Improved Adult Lung Function Linked to Childhood Farm Life

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Improved Adult Lung Function Linked to Childhood Farm Life
Improved Adult Lung Function Linked to Childhood Farm Life

TUESDAY, Sept. 27, 2016 (HealthDay News) -- Growing up on a farm might be beneficial to lung function, and early-life farm exposure is associated with reduced risk of allergies and asthma later in life, according to a study published online Sept. 26 in Thorax.

Researchers analyzed data from a survey of 10,201 adults in 14 countries in Europe, Scandinavia, and Australia. Of these participants, 63.9 percent said they spent their first five years of life in a rural village, small town, or city suburb; 26.9 percent lived in the city and 9.2 percent grew up on a farm.

The investigators found that children who spent their early years on a farm had less atopic sensitization (adjusted odds ratio, 0.46), atopic bronchial hyper-responsiveness (0.54), atopic asthma (0.47), and atopic rhinitis (0.43), compared with those with a city upbringing. Women with a farm upbringing had higher forced expiratory volume in one second (FEV1), independent of sensitization and asthma.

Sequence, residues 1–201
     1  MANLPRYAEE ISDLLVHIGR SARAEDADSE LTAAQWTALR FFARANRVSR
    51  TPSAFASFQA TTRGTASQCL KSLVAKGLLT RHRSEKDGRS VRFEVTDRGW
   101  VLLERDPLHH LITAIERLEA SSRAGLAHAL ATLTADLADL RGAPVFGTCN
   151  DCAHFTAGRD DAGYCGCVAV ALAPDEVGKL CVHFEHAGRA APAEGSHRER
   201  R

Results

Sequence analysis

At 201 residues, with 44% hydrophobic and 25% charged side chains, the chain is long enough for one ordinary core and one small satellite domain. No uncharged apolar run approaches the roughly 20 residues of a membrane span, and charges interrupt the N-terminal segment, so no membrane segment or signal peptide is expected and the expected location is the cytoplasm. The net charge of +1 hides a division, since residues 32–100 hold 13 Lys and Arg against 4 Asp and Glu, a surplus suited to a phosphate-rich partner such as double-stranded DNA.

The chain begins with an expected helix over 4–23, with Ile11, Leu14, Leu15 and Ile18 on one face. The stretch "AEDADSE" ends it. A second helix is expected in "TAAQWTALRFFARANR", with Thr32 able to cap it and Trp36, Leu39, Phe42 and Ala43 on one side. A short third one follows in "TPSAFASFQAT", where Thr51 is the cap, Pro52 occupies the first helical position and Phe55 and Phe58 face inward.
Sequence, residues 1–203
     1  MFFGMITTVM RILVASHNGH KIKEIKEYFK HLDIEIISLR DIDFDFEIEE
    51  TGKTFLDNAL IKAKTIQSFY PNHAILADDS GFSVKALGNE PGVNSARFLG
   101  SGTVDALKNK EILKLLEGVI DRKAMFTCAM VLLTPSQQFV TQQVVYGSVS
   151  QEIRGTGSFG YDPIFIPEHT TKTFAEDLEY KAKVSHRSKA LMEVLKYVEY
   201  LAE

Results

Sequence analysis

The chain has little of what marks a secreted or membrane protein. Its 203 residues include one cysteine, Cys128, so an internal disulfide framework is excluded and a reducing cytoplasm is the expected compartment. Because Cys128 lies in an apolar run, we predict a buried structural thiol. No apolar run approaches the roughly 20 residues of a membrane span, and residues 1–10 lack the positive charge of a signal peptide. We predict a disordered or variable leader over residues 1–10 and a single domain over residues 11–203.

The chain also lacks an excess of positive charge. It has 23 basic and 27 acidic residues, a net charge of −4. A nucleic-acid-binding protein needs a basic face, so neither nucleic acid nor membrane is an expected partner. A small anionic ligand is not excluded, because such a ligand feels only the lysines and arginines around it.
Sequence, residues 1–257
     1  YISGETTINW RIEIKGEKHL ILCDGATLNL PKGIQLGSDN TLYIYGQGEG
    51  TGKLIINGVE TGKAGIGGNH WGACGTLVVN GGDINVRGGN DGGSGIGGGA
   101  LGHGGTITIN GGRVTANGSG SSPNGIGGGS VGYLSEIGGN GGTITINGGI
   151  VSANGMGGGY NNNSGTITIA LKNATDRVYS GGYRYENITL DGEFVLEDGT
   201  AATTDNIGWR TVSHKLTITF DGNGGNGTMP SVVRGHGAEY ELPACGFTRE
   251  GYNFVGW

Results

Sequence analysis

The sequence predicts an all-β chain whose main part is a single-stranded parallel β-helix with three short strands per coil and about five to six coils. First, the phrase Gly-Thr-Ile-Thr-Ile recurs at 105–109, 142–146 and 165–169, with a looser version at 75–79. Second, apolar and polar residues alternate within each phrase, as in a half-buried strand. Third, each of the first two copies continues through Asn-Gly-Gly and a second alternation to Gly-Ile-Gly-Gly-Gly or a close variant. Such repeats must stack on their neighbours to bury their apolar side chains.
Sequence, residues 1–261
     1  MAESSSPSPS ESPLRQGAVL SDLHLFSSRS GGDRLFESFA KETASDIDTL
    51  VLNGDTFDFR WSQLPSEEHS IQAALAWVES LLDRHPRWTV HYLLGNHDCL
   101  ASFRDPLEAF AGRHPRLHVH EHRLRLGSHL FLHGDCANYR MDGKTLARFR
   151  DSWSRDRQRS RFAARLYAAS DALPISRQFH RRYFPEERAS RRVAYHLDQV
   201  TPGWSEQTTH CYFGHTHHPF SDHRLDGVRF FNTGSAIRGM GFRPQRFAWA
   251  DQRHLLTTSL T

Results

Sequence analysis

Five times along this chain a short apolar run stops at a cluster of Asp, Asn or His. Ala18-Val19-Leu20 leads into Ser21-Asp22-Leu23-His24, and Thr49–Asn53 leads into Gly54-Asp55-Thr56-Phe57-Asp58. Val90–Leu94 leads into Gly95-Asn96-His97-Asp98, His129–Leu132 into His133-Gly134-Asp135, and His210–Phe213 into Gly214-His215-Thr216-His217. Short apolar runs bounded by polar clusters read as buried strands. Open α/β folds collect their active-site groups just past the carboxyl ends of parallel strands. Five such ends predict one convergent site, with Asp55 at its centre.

"This is the first study to report beneficial effects of growing up on a farm on adult FEV1," the authors write. "Our study confirmed the beneficial effects of early farm life on sensitization, asthma, and rhinitis, and found a similar association for bronchial hyper-responsiveness. In persons with an urban upbringing, a higher biodiversity score predicted less allergic sensitization, but to a lesser magnitude than a childhood farm environment."

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